There may come a time when your disability worsens, or you develop a secondary condition directly linked to your service-connected primary disability. You can file for a rating increase with the VA in these situations.
This process involves submitting medical evidence that supports your claim and attending a Compensation and Pension (C&P) exam. It can be challenging to achieve a higher rating, but it is possible.
1. Contact an Attorney
You stepped up for your country and are now struggling to get the veteran’s disability benefits you need to survive. It’s frustrating that you haven’t received a fair rating for your illness or injury, but it is possible to increase your rating. It’s important to gather medical evidence to support your claim for a higher disability rating.
This can include records from your military medical file, private doctors, and VA medical centers. Additionally, it is important to provide buddy statements from people who served with you and witnesses who can testify that your condition has worsened.
A qualified VA disability attorney can help you gather the medical evidence necessary to prove that your condition has worsened and deserves an increased disability rating. Your disability benefits can provide crucial financial support during challenging times, helping you to cover essential expenses.
Whether applying for your initial rating or appealing your current one, an experienced attorney can guide you through the process and fight for what you deserve.
2. File a Request for Reconsideration
If you have received a rating decision from the VA that is less than what you deserve, you can ask the agency to reconsider its determination. This is also known as a reopening of your case. This process can be quicker than a traditional appeal or filing a new claim.
If your disability worsens, you may be entitled to an increased compensation rate. This is usually based on evidence, such as medical and hospital records, statements from family members and friends, and other documentation showing how your original condition has worsened.
Having an accredited representative help you file a request for reconsideration can increase your chances of a successful outcome. An attorney can look at the full scope of your case and identify any errors in the original decision or additional evidence that would strengthen your claim. It is important to act quickly as there are strict deadlines for appealing a decision on your VA disability rating.
3. File an Appeal
If you are unsatisfied with your VA disability rating decision, you have one year from the date on the Rating Decision letter to file a Notice of Disagreement (NOD). This will reopen your claim for a new review.
This is also an opportunity to submit any new evidence you didn’t offer the first time, such as additional medical records or supporting statements. A professional accredited representative can help you determine how much your supplemental disability claim is worth and provide a list of necessary documents for a successful appeal.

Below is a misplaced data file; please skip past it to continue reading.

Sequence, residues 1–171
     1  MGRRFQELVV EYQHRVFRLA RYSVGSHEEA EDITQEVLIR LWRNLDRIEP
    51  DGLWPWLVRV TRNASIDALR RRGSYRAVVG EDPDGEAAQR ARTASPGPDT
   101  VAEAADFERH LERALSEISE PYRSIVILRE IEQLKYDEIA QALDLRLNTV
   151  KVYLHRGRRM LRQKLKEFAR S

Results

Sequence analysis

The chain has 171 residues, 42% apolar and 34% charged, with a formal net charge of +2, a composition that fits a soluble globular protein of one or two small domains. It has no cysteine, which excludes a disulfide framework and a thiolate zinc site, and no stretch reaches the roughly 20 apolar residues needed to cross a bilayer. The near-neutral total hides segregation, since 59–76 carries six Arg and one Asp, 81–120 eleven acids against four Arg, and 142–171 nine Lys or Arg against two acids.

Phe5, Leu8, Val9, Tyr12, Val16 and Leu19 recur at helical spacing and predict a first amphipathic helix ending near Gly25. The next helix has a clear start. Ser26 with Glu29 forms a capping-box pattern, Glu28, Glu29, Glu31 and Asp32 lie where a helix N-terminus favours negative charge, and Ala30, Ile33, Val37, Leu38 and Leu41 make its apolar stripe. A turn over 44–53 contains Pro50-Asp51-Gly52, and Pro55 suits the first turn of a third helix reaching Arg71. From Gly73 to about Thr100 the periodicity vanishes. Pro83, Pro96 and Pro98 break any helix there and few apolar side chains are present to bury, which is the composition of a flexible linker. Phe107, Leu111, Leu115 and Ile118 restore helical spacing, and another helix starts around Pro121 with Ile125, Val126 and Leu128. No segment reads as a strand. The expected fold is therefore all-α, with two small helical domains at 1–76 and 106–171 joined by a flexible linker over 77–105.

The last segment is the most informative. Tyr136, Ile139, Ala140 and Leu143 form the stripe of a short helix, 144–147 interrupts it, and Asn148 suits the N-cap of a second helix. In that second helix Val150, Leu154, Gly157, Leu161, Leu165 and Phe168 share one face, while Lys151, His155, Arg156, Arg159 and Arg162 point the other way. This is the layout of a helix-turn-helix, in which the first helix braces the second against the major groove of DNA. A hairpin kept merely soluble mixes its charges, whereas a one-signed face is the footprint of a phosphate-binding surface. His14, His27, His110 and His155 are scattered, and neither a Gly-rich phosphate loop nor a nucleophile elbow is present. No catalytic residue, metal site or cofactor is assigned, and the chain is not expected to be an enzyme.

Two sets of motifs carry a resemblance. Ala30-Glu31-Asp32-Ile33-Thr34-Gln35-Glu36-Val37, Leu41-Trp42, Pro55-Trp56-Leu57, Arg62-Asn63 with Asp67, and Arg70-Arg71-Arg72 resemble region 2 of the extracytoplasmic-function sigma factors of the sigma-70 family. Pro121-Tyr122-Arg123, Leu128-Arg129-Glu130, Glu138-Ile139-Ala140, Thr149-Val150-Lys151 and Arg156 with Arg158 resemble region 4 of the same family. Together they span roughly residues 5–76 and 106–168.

You can also request a higher-level review, like reevaluating your case with a senior reviewer. You cannot submit any new evidence for a high-level review, but you can ask that your file be given a fresh look. During this process, the senior reviewer may consider other factors, such as your age or any other relevant factors that may positively affect your rating.
4. File a Secondary Service Connection Claim
Sometimes, a veteran will develop an illness or injury unrelated to their in-service disability. These are known as secondary conditions. The VA is not required to award compensation for these illnesses or damages unless the veteran can prove a connection between their new condition and a medical event, accident, or disease they were exposed to during military service.
The key is to submit as much medical documentation and evidence as possible with your secondary claim. This includes military medical records, private healthcare providers, and nexus letters referencing scientific studies establishing the link between your illness or injury and an event in service.
If you have already been awarded a secondary service-connection claim, it is important to remember that your disability rating can be increased at any time. The best way to do this is by submitting additional medical or lay evidence that shows how your condition has worsened and is interfering with your ability to work and maintain gainful employment.
In conclusion, there are several strategies and resources available to veterans looking to increase their disability benefits. By thoroughly understanding the VA’s rating system, gathering thorough medical evidence, and appealing unfavorable decisions, veterans can increase their chances of receiving higher compensation for their service-connected disabilities.
Additionally, seeking assistance from veteran service organizations and legal professionals can provide invaluable guidance throughout the process. Remember, advocating for your rights as a veteran is not only important for your own well-being but also for future generations of service members. Take action today to ensure you receive the benefits you deserve for your sacrifice and dedication to our country.